Forty-six years. That’s how long Don’s Custom Cabinet Shop in Rapid City, S.D., has been in business. So you’ve got to figure it’s doing something right.
The shop’s primary market is residential kitchens and nearly all of its work is generated through customer referrals. It competes against big stores and usually succeeds.
“We’ve always worked hard at explaining to people that they can get a custom kitchen for somewhere close to a home-center price,” says Craig Erickson, son of founder Don Erickson. “Everybody automatically assumes that custom cabinets must be more expensive than the home centers. We beat the home centers pretty regularly in price. The difference is we stand behind our work and, if something breaks, we will replace it because we have the knowledge and background.”
The rural shop is near the Black Hills mountain range in the western part of the state, which offers a bittersweet mix of long winters and scenic and rugged beauty. It operates out of a 9,000-sq.-ft., barn-style building on Don’s property. Don is 87 and still involved, but has passed the torch to Craig.
“We keep dad busy,” Craig Erickson says. “He still works on face frames and does some of the alterations on our work, like cutting cases to fit a bigger refrigerator or something like that for past customers. Once in a while he does a delivery for us, but no lifting,” says Erickson, who juggles the roles as the shop’s manager and bookkeeper.
Erickson started working for his dad part-time at age 15 and full-time at 17. His friend since childhood, Todd Craig, is the shop foreman. It’s currently a seven-person shop that produces 30 to 40 kitchens per year.
Don Erickson didn’t exactly set out to become a woodworker. There was some chance and lots of hard work involved for any opportunity that became available so he could support his family. As a teenager in the late 1940s, he worked as a ranch hand at a family farm in Hamill, S.D., before a devastating hailstorm ruined all the crops. He then moved to Rapid City, where he delivered beer for Budweiser and did other odd-and-ends jobs. In 1951, he married his now-deceased wife Betty, before being drafted during the Korean War and serving as an Army cook in Germany. He returned to Rapid City in 1953, working first for Lampert Lumber Co., then Buckingham Wood Products, where he ran a crew for a new cabinet shop.
Don and Betty built their house in 1958. The next year, Don started building kitchen cabinets for local acquaintances as well as contractors he met at Buckingham’s who regarded him as a master craftsman. He worked out of his basement and garage until 1963 when he built the first part of the current shop.
By 1970, he was in the position to quit work and started Don’s Custom Cabinet Shop. He’s since built eight additions to the shop, including a showroom, offices and assembly and finishing rooms.
The shop is “booked solid” from a customer base of small ranchers to millionaires, according to Craig Erickson. Its market reaches parts of Wyoming and Nebraska. The bulk of the orders are for kitchens and baths with a few furniture pieces mixed in.
The shop often runs seven days a week to meet demand. “I’d like to be capable of getting more kitchens out the door, but working seven days a week I don’t want to take on more work. It’s hard to imagine — and I don’t think it will happen — but I wish people were doing my job. Sometimes I’m so busy here because there are certain things that only I can do,” Erickson says.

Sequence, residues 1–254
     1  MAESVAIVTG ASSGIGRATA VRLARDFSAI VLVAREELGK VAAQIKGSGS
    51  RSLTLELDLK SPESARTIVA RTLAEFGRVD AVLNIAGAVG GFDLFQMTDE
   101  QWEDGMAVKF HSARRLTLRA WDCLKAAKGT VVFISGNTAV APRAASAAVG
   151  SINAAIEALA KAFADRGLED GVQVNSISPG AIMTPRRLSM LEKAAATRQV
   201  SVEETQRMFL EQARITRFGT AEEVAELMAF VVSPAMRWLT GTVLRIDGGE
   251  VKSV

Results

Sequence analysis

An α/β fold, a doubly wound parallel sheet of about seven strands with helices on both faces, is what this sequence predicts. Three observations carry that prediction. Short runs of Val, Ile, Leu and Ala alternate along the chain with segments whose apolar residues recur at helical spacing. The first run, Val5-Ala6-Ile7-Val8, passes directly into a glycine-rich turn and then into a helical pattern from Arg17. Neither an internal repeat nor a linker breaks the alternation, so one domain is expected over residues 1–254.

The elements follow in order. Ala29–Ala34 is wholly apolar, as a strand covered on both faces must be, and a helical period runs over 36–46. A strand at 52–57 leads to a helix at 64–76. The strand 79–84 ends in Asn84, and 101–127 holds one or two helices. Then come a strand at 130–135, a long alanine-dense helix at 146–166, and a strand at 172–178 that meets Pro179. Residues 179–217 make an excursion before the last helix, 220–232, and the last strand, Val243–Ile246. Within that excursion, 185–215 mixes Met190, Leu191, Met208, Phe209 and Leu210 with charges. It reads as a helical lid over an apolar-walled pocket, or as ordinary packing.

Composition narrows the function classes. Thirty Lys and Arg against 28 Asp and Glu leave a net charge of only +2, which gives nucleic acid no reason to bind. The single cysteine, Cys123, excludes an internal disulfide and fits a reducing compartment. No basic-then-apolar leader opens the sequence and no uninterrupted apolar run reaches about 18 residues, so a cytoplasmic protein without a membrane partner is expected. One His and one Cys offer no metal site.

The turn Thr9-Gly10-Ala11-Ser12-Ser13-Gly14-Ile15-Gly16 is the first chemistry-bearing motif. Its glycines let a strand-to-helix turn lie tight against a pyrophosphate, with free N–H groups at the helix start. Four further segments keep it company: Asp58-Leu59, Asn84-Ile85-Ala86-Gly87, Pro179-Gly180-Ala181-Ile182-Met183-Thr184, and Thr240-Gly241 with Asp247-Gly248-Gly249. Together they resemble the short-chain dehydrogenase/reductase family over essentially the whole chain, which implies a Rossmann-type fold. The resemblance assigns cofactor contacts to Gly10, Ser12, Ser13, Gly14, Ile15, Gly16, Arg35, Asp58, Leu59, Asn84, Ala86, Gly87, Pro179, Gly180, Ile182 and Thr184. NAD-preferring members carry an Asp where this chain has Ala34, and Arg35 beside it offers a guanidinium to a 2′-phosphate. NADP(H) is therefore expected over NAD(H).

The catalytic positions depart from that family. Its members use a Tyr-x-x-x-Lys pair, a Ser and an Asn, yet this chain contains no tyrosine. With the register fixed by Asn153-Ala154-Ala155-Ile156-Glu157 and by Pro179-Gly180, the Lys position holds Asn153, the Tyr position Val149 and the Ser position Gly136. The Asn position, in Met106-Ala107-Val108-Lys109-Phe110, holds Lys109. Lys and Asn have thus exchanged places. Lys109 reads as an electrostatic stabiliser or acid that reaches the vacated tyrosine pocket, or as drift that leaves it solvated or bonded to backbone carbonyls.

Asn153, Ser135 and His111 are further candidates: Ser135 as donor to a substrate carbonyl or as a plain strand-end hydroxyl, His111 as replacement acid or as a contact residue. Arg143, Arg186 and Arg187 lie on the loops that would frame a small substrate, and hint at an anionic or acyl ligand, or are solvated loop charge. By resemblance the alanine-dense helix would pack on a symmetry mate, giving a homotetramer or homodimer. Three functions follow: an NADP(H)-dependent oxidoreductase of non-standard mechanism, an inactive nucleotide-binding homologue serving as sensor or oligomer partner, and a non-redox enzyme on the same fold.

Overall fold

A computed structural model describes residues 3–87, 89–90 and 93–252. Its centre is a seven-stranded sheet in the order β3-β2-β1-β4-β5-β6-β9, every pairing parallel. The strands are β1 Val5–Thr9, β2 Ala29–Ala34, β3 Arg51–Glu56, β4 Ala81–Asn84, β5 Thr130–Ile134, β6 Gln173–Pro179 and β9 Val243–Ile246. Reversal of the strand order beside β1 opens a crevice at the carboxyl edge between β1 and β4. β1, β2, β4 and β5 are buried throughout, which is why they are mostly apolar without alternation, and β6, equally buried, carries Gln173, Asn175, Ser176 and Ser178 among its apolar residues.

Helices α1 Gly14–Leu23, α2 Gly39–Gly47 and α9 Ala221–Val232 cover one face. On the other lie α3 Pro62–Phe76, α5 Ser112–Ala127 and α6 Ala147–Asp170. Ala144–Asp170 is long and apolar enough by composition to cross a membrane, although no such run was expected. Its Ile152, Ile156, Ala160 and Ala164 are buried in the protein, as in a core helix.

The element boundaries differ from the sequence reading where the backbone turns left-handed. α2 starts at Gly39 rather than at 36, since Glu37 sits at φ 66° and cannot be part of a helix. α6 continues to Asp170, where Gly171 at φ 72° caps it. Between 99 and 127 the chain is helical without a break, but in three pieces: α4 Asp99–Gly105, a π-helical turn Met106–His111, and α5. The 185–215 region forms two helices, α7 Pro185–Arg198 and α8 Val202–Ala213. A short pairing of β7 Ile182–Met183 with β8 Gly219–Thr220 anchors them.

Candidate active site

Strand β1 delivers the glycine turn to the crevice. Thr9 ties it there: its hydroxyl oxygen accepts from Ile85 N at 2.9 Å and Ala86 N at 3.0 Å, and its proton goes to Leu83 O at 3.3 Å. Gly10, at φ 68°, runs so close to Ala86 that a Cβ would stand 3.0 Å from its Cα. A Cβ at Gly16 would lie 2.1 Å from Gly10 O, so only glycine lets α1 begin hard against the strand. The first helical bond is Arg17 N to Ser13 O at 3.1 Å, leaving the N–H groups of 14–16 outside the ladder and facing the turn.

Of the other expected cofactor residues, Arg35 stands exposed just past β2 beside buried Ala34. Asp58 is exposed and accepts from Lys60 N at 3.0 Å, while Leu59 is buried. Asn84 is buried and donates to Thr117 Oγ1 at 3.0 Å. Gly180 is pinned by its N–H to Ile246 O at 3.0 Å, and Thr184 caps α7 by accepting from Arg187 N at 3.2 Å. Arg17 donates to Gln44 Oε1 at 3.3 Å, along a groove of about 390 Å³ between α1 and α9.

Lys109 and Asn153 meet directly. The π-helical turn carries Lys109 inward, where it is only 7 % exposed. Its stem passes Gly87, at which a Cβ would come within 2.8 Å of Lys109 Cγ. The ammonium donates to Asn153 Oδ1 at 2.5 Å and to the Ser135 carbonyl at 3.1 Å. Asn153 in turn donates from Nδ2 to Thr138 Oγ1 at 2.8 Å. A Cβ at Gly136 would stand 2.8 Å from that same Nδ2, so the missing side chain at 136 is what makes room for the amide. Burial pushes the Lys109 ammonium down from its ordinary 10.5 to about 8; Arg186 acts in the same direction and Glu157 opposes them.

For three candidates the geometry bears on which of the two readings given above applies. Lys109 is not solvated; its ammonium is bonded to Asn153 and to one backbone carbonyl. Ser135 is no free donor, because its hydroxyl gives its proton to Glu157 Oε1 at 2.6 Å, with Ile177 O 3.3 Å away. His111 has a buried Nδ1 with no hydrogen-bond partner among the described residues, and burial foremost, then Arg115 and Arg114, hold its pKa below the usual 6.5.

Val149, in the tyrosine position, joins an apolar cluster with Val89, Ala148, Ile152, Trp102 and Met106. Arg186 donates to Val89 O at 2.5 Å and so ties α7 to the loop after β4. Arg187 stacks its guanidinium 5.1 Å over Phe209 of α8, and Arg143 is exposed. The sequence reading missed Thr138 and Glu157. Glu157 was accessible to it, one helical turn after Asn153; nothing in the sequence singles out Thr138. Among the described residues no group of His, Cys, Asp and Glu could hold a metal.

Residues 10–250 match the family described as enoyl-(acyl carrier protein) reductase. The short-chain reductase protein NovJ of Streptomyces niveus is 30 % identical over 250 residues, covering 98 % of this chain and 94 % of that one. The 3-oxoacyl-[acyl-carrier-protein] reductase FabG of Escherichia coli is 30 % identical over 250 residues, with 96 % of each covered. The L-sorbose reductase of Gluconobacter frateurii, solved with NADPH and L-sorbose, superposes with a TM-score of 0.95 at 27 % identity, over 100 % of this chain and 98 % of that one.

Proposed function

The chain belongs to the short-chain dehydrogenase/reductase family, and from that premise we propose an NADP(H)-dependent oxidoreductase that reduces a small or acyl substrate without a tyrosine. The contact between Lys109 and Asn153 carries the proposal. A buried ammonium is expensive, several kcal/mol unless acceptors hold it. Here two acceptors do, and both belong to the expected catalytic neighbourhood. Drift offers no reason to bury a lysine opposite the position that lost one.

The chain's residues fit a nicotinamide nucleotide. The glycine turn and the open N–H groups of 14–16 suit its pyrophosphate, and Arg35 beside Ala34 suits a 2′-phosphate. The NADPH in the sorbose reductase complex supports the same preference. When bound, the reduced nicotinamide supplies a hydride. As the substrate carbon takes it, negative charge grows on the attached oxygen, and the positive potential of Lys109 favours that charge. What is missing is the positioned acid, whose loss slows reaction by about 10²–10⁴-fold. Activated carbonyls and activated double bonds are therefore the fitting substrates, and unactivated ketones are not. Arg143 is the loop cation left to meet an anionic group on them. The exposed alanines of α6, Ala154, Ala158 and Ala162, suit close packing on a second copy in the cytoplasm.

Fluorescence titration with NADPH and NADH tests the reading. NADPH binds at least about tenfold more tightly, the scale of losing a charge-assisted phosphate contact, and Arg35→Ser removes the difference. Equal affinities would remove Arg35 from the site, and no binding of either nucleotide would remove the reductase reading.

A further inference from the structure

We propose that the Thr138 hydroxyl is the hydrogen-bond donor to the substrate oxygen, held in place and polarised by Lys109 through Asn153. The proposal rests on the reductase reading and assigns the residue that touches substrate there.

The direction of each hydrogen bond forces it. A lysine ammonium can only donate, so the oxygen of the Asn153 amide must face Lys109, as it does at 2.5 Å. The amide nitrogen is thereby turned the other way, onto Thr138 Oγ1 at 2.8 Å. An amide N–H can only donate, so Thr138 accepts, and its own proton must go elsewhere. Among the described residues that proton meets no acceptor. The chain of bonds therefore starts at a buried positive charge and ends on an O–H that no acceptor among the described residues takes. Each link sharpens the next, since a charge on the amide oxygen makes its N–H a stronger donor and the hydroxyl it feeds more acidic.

“Finding good employees is very tough. It’s challenging getting everything done in the time frame it needs to be done. We keep track of enormous amounts of information that comes through. We’ve got a dozen custom kitchens in play at one time and you have customers calling to make changes to details.”
The shop designs with KCD Software and bought its SCM Tech80 CNC router in 2002. The goal is to provide customers with a turnkey product, though the message isn’t always received, according to Erickson.
“We really struggle with [customers] not realizing that we provide the countertops. They just assume they would order their cabinets here and have to go to a countertop shop to buy countertops. We run into a lot of people being surprised that we offer them, too.”
Face-frame cabinetry, rustic hickory and painted finishes are most often specified.
“I think Houzz [.com] and magazines are contributing to design preferences. People are seeing more styles painted, so we’re seeing more requests on what they see. They bring pictures in to show us. We don’t turn things away. We always try to do it. We’re capable of just about anything.”
Craig Erickson says the most gratifying part of the business is completing a project and waving goodbye to a happy customer. Part of the sales process includes a guided shop tour.
“Almost always, if they have time, I’ll take them through the shop and show them exactly what we’re doing and why we’re doing it so they understand what goes into the price,” Erickson says. “Our goal is to service the customer without them thinking we are very expensive and make sure nobody leaves unhappy. We try not to let there be one customer that has a bad taste in their mouth from us, so we work really hard to make sure that chain of negativity can never get started.
“Most of it is communicating with the customer from the beginning. What you learn from making mistakes is to catch them earlier and earlier and make sure if there are any changes in the plans we update them on the price. If there’s ever some sort of error, we get it fixed.”
Contact: Don’s Custom Cabinet Shop, 23166 Radar Hill, Rapid City, SD 57703. Tel: 605-393-1330. www.donscustomcabinetshop.com
This article originally appeared in the January 2016 issue.